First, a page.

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Warriors can look to Celtics lore for future success

"There's no formula. Because it's never been done before." — Draymond Green on what the Warriors are trying to do

Maybe the notion of adding the previous Most Valuable Player to the current MVP on a team that won 73 games is new, but that doesn't mean there isn't a template for superstar success, lessons to be learned from what has transpired in the past. It's all right there in Boston, where the Warriors play tonight (ESPN, 8 p.m. ET), where nine years ago the Celtics set the standard for quickly assembled star-filled teams by winning the championship in Year 1.

And the secret to their winning? Losing.

Ray Allen, Kevin Garnett and Paul Pierce each averaged more than 20 points per game the season before they joined forces in Boston. All of them missed the playoffs that year, though.

"We were tired of losing," Pierce recalled. "We'd all put up big numbers the year before … but we didn't make the playoffs."

That's why Garnett and Pierce were willing to see their scoring averages dip by about five points each, while Allen's plummeted nine points. They had tasted individual success — most notably Garnett's 2004 Most Valuable Player award — but none of them had savored so much as a trip to the NBA Finals. So they adapted, learned how to get more from less, sacrificed for the sake of the team.

"We learned how to feed off each other, whoever had it going," Pierce said. "We just kind of took turns. It wasn't like we said going into the game, 'OK this is your night.' It was like once the game started, you saw it, you got a feel for it."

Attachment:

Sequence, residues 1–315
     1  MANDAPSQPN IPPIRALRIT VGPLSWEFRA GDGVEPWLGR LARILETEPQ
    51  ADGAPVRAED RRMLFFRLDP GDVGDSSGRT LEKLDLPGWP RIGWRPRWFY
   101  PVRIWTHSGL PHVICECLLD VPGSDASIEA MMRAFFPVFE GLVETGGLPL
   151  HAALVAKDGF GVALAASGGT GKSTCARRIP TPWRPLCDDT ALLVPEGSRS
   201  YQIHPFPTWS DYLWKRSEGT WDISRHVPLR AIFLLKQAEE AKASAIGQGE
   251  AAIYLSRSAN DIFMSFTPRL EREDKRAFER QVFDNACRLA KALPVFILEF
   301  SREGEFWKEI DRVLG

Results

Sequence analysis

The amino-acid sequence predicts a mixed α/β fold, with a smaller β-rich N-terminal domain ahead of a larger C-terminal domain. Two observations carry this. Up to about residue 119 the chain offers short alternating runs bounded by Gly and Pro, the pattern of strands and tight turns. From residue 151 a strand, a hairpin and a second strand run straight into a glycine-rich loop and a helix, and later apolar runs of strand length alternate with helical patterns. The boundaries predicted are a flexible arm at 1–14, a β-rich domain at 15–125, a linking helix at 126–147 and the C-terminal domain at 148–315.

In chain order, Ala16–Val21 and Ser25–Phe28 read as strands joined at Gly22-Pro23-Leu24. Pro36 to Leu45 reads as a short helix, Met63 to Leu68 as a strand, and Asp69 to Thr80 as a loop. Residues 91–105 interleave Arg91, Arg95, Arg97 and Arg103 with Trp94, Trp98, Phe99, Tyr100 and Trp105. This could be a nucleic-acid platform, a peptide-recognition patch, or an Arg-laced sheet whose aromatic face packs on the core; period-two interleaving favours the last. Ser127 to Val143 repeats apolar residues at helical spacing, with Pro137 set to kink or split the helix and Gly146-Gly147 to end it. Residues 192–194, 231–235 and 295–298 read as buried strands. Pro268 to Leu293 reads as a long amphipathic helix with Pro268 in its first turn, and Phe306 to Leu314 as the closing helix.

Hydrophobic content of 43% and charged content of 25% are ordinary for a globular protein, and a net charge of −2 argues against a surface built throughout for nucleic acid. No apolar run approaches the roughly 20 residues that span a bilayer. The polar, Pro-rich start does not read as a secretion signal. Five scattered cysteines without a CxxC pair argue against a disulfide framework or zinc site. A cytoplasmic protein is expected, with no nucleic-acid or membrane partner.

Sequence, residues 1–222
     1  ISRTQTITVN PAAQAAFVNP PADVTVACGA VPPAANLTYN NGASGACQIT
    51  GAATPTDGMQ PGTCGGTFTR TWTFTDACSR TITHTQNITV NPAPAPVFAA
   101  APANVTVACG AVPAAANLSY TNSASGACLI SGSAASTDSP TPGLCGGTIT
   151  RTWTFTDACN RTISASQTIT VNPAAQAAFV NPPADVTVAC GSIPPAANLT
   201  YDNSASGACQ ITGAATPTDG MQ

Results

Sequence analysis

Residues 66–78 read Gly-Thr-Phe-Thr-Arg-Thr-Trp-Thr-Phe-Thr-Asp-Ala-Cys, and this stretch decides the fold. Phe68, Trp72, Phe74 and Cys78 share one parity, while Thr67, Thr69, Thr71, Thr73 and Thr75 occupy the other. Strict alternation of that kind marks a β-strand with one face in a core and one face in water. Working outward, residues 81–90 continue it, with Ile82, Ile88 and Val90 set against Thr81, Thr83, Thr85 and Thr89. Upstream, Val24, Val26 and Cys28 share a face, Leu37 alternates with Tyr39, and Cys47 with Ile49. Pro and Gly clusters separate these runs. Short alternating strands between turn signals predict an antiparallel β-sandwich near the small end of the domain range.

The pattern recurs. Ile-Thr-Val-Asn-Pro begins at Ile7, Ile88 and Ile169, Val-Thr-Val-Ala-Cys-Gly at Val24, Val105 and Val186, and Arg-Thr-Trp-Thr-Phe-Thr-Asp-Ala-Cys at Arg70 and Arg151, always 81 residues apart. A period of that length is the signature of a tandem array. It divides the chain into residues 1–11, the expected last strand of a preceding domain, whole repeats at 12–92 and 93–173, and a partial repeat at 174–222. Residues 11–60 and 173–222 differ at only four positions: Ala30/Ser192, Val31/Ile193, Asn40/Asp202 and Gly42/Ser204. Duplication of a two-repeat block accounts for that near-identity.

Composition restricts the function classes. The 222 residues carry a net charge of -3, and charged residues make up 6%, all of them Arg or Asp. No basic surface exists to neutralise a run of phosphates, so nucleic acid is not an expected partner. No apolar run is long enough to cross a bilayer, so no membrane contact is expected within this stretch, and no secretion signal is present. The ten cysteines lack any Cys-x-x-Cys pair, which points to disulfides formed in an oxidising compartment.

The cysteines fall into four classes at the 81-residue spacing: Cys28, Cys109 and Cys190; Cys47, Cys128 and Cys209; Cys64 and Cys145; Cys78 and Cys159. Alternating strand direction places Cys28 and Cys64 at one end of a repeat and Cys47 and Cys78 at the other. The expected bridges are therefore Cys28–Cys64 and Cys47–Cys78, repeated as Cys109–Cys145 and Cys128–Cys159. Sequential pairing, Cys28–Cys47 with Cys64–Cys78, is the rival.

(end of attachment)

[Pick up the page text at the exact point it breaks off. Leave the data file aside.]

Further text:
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Pierce was the leading scorer in the game 22 times that season, Garnett 15 times and Allen 10 times. While the Celtics rotated, the 2016-17 Warriors have been alternating, taking turns between Stephen Curry and Kevin Durant. Each has been the game-high scorer four times this season. No other Warrior has had the honor.

Durant's arrival has meant more open looks for all four of their main offensive players. Only he and Curry are benefiting. Curry's field goal percentage of .508 and 3-point percentage of .564 are both on track to be career highs. Durant, averaging one less shot per game than he took last season, is making a career-high 55.8 percent of his shots, bolstered by 61.8 percent of his two-point shots, a ridiculously high number for a perimeter player.

In theory it should be Klay Thompson getting the boost. According to player tracking data on NBA.com, he gets 4.2 shots per game without a defender within six feet, the sixth-most "wide-open" shots in the league.

But as Warriors coach Steve Kerr has pointed out, open looks aren't the same as shots in rhythm. Sliding down a spot from second to third option can mean the shots come later in the 24-second clock and might be rushed. Or they're taken under the duress that comes from uncertainty of when the next chance will arise. That could be why Thompson's field goal percentage is down to .441, (from .470 last season) and his 3-point percentage is below .400 for the first time in his career, at .313.